The posting of these transactions to the ledgers should be done on a periodic basis. This might be daily, weekly, or monthly, depending largely on the amounts of sales and purchases, as well as how detailed you might want your records to be. Generally speaking, the more often your financial transactions take place, the more often you will want to post to your ledgers. In the case of a retail store, for example, there might be hundreds of transactions in a given day, which would call for daily posting. It's in situations like these that an automated system is called for.
If, on the other hand, a business is smaller and the total number of transactions are fewer, a weekly posting, or even one done monthly might be adequate. Fortunately, there are some accounting software packages available on the market today which are not only easy to tailor to individual businesses, but they are also very affordable for even the smallest business. Most of these programs are very intuitive, which makes them easy to use by owners and managers that might not have any familiarity with accounting processes.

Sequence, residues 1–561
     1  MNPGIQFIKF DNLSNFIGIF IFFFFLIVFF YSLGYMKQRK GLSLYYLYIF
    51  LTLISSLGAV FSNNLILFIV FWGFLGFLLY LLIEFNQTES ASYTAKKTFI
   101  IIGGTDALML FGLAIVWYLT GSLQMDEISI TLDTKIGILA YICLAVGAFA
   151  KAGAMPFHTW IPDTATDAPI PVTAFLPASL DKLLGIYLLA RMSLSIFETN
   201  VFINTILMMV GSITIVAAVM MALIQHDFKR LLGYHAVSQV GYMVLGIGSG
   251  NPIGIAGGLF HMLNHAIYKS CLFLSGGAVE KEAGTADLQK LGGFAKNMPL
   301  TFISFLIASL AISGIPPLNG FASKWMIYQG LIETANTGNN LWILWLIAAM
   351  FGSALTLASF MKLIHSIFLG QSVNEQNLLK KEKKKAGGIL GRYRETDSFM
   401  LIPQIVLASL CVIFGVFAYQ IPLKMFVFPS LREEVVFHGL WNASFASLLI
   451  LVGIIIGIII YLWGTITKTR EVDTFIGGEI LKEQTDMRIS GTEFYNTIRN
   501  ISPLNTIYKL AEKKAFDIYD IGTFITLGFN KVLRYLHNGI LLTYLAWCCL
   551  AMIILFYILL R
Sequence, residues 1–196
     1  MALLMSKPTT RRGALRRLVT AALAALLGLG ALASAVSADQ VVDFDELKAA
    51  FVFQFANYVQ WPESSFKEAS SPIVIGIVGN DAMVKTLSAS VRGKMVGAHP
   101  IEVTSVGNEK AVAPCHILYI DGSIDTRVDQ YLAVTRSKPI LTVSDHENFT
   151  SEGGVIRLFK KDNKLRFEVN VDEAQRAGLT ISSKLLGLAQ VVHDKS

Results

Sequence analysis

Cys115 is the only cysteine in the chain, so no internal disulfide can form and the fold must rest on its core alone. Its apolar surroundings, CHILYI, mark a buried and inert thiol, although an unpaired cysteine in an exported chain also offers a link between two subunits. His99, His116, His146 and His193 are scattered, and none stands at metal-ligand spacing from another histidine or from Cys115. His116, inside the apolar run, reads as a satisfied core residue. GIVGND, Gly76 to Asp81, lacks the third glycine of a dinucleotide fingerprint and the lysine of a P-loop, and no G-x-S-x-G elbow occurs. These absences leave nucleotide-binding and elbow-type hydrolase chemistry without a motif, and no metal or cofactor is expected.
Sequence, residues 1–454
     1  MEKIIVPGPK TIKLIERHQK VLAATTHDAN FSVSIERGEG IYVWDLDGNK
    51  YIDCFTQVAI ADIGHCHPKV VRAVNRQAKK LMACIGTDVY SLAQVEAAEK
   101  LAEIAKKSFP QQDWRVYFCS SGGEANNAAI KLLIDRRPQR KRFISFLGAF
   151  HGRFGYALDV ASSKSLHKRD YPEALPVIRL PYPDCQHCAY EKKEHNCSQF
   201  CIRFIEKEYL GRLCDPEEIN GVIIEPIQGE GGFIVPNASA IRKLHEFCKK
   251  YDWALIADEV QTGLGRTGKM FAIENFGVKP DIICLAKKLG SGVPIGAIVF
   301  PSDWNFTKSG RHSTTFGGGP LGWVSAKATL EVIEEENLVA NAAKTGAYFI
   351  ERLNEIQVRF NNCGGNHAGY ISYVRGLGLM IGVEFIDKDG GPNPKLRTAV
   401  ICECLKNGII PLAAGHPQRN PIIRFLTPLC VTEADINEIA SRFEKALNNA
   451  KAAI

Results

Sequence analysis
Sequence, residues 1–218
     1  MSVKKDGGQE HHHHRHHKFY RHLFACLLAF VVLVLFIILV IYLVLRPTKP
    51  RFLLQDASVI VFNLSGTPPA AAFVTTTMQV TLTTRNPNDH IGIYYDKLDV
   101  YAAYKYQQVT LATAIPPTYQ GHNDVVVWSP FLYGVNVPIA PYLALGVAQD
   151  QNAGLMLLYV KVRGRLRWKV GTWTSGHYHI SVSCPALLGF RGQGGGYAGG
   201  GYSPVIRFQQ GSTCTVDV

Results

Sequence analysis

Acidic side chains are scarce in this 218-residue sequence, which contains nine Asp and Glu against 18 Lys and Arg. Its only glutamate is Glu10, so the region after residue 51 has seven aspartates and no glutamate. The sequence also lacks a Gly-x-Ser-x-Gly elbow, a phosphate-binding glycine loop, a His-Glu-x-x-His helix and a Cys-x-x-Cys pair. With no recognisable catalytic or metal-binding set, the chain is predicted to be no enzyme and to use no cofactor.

3. Create the financial statements of the business to get a picture of profits, losses, and other events to evaluate corrective actions and end results.
The ultimate goal of creating any financial records is the creation of financial statements, in particular the income statement, balance sheet, and statement of owners equity. It is these statements that give owners and managers the final word of how a business is doing and where corrective action can be taken. Financial statements bring together all of the information that is gathered in the ledgers.
A good way to think of your financial statements is to provide a place where all of the most relevant information about a business is analyzed. For example, to look at the income ledger might provide an owner with a healthy figure. In and of itself, that's great news. Unfortunately, when you bring both the income figure to the income statement, which also gives the figures for expenditures, a more realistic picture is given. This analysis might show that although you have excellent sales figures, a business might also have expenditures that cancel out all or most of the income, making a business much less profitable, or even operating at a loss.
Despite having the totals provided by the financial statements, attention should still be given to the ledgers, which provide information that is not reflected onto the statements. This includes, among other things, an analysis of how long it takes for credit customers to pay you, which can be a detriment to how efficient you operate your business.
Any business that intends to operate at a profit should have a system of accounting that accurately reflects how that business is being run. By keeping these records up to date, owners and managers can get feedback on cash flow, profit and loss forecast, and other information that will be relevant to how the business is operating and whether changes need to be made, and in a manner that is timely and relevant.